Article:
By H&H Admin
Dogs aren’t just a man’s best friend – they form part of the family; and while most pups enjoy being on the road, they can prove quite distracting to drivers.
As loyal and obedient as they might be around the house and at the park, an unrestrained dog can be a hazard in a car and failure to secure your furry relative can lead to a dangerous situation.
While there currently aren’t any pet restraint laws in South Africa, one of the best ways to protect yourself and your pets is to ensure that all occupants of a car, are properly buckled up at all times, and this includes the family pet.
Here is our guide to driving with man’s best friend.
1. Make sure your dog is accustomed to traveling in the car
It is a good idea to get your pooch acclimatized to the car well before you embark on a long-distance drive; as nervous or carsick dogs can make travelling uncomfortable for everyone. For nervous dogs, start by training them to get in and out of the car, using treats as a reward.
Take their favourite toy or blanket to keep them comfortable along the drive. Practise driving with your dog often and gradually increase the distance in accordance with their comfort levels. The more often you are out on the road with them, the less nervous they will be.
2. Pack a pet travel pack
Pack essentials such as waste bags, water, bowls, grooming supplies, medication, first-aid kit, treats, lead, blanket, toys, food and any other items you deem necessary.
3. Don’t let your dog hang its head out of the window
Although they may want to, hanging their heads out of the window can lead to injury or death from oncoming traffic or obstructions. Also, hanging their heads out of the window can dry out their eyes, particularly when traveling at high speeds. Instead, keep the car well ventilated by opening the window a crack or using the air con.
4. Know the signs of overheating / heatstroke in dogs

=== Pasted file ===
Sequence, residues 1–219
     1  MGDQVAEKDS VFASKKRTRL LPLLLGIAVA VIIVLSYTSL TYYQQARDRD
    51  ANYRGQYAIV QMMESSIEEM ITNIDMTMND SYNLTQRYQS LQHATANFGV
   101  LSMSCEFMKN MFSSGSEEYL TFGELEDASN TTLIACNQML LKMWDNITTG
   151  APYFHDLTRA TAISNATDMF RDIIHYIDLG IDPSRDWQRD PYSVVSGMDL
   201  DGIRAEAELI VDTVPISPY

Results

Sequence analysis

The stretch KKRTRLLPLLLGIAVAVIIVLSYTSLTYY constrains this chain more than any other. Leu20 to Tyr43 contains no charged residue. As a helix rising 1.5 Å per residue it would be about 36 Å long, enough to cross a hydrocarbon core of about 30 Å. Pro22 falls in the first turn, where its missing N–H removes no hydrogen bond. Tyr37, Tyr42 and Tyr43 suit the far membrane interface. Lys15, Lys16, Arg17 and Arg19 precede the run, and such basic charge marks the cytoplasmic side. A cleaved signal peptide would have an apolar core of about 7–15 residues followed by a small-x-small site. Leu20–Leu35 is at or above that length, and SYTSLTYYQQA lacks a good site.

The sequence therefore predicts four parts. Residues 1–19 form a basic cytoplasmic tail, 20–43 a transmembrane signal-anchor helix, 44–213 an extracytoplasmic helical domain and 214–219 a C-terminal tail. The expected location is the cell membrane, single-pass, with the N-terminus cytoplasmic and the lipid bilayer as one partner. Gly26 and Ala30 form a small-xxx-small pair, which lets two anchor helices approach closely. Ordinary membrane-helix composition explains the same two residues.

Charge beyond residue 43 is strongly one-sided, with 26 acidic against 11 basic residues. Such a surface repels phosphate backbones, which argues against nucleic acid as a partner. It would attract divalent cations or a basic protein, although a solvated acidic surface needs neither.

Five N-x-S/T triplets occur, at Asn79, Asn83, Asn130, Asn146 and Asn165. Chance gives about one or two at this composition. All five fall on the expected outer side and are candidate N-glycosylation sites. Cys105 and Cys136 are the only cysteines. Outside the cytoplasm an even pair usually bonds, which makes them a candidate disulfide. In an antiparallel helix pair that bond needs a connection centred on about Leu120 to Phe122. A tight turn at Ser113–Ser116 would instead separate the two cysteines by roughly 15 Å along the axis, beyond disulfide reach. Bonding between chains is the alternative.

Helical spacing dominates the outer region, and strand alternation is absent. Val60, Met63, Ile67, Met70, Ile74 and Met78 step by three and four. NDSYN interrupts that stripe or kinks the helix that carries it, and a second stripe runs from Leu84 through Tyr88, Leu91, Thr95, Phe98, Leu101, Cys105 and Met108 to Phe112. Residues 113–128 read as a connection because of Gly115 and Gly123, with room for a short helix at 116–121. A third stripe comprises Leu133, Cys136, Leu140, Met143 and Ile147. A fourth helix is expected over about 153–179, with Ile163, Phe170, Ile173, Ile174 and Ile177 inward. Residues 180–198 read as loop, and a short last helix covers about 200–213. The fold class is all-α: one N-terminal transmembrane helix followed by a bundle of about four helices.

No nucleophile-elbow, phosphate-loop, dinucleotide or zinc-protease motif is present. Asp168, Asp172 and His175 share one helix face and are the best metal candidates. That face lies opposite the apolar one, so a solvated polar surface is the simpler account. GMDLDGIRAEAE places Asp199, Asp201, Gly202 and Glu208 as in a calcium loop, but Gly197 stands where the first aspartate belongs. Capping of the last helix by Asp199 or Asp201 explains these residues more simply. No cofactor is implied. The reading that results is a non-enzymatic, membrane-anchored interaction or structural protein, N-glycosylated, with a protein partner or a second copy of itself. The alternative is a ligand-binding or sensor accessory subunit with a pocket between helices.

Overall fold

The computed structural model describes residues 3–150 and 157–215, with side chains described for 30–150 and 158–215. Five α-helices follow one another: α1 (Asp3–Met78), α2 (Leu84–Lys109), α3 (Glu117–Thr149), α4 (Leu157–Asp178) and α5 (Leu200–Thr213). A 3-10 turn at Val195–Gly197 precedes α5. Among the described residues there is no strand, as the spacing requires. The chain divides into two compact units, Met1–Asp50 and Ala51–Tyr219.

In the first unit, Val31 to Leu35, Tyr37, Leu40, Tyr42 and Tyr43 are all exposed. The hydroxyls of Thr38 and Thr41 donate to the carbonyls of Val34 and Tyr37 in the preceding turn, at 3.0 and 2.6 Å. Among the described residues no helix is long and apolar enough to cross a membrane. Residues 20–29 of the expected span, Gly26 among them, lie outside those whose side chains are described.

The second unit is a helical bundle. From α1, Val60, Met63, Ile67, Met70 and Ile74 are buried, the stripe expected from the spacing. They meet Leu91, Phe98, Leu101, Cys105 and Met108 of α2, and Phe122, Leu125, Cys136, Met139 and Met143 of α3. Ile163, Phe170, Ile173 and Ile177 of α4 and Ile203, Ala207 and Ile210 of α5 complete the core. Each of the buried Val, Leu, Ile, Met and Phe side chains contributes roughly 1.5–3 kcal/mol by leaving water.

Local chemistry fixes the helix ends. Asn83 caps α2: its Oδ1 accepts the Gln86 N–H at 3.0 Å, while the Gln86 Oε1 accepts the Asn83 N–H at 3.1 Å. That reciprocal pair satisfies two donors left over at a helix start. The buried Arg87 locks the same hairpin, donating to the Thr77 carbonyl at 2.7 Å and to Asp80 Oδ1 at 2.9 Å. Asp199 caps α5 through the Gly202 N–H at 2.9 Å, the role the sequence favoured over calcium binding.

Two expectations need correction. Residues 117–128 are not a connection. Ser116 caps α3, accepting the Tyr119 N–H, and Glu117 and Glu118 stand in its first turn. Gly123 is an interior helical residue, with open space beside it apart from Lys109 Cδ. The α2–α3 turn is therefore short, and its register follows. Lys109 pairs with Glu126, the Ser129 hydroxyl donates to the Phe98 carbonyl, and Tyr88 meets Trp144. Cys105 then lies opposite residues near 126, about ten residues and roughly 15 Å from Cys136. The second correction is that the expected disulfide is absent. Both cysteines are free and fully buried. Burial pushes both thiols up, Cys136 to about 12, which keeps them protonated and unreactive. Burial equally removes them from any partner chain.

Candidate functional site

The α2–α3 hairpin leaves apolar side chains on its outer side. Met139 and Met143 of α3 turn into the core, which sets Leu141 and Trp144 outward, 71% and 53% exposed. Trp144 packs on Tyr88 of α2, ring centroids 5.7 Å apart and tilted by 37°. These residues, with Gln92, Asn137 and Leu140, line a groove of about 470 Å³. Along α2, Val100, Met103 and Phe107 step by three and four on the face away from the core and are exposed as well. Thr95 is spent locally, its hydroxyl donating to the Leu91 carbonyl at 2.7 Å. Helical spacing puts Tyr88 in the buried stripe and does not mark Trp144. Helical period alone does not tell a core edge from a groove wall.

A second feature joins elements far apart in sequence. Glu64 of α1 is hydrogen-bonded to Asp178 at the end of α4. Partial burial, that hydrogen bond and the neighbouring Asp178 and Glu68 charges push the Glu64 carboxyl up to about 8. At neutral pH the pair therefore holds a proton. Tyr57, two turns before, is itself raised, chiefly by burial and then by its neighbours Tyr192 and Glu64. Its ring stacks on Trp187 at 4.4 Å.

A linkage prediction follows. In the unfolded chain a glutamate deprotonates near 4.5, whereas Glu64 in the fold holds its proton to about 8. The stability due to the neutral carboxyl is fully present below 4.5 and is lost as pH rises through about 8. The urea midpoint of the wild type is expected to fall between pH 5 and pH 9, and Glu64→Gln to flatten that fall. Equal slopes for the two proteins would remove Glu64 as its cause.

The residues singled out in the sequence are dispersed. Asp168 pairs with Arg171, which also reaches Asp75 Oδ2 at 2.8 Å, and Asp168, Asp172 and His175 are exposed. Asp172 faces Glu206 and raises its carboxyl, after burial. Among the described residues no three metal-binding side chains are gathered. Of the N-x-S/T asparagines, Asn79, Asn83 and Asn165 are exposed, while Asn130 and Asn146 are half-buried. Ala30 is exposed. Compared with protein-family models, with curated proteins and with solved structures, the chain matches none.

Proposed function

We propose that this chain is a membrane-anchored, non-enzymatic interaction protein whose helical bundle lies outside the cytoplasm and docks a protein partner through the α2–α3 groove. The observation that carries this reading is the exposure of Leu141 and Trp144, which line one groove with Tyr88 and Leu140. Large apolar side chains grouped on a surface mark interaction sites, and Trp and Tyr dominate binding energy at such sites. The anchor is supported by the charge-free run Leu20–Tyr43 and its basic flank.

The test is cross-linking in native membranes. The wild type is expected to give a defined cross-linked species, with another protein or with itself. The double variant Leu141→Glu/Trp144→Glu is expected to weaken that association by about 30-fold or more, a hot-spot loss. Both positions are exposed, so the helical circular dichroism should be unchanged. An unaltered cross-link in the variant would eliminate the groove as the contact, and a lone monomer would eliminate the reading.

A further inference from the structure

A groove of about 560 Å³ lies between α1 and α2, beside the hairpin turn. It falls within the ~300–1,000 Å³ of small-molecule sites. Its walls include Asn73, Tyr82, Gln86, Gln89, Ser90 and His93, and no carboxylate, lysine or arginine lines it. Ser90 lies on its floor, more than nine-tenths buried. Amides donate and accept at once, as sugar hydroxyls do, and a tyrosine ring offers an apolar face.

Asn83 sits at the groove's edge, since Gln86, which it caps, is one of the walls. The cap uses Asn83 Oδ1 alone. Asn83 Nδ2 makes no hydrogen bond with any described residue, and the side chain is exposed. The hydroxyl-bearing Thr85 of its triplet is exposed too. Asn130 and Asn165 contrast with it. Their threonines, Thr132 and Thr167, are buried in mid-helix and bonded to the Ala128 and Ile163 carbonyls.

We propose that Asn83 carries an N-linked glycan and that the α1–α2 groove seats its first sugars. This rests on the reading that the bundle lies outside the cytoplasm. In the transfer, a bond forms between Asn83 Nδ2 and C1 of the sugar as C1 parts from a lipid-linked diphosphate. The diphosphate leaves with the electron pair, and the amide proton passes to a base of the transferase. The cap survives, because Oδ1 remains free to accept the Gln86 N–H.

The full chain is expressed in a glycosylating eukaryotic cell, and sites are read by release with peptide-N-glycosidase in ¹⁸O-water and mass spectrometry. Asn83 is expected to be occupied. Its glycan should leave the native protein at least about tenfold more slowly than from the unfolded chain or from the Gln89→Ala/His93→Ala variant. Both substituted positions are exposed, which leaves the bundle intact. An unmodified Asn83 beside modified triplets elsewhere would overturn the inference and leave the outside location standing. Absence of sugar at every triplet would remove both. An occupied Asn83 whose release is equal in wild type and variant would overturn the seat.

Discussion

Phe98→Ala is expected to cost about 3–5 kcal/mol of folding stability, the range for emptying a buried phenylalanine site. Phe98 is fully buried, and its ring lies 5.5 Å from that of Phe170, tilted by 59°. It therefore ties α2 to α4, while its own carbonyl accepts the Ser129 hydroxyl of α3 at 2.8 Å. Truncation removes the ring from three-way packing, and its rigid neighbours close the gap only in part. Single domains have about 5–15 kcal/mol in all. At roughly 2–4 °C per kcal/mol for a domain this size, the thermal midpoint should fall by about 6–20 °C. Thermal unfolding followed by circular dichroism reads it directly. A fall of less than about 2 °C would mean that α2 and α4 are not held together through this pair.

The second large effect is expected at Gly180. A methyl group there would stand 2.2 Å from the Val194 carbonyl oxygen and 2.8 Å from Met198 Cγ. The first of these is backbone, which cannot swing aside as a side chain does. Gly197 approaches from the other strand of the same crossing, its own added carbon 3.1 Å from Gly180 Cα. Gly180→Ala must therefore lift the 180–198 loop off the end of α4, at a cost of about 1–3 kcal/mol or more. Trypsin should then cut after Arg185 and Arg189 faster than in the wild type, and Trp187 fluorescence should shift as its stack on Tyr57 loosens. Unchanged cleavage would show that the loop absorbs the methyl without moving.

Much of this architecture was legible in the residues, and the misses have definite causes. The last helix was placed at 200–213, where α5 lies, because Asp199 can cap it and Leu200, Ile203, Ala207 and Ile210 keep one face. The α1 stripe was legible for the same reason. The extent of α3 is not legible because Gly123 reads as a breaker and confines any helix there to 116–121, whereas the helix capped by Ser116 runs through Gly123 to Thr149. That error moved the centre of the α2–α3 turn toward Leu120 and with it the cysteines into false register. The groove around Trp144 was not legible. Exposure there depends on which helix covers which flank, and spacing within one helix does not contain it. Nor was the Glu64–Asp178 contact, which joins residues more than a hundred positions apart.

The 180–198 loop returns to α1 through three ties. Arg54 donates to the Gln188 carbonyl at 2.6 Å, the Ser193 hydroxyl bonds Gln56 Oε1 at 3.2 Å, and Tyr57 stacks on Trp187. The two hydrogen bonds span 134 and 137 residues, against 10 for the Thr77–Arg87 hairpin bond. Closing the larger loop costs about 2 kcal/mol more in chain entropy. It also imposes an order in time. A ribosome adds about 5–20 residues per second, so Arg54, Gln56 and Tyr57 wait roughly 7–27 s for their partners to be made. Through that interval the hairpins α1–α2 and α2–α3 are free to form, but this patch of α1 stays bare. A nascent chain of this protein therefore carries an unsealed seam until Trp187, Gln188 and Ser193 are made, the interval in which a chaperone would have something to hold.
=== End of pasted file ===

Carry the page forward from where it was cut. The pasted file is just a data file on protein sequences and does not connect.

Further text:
Keeping the car well ventilated and cool is essential for your dog’s well-being and will help minimise health problems such as overheating and heatstroke. Signs of heat stroke and overheating include:
- Excessive panting
- Lethargy / Unwillingness to move / Dullness
- Overly reddened gums
- Vomiting and or diarrhea
- Loss of consciousness
5. Take breaks along the way
Just as humans need to refresh along the way, so too do dogs. Plan your trip such that it includes rest stops in places that are large enough for your pooch to stretch its legs and get some exercise. Remember to take some waste bags so you can clean up after your dog has relieved itself.
6. Restrain your dog properly
We highly recommend that you restrain your dog when traveling, irrespective of how short the drive may be. Depending on the size and energy levels of your dog, you could choose between utilizing pet travel seats, pet booster seats, safety harnesses, padded carriers, or you could simply secure them behind a metal guard – which allows them a little bit of freedom.
7. Other considerations
- Ensure your pet is microchipped and that the information on it is up-to-date.
- Visit the vet to ensure that your furry friend is in good enough health for the trip.
- Feed your pet before your journey – at least 3 hours in advance, as this will help minimise car sickness
As responsible pet parents, it is your duty to ensure the safety of your pets and that of your family and other road users. This will not only provide a comfortable ride for all but a safe and memorable one too.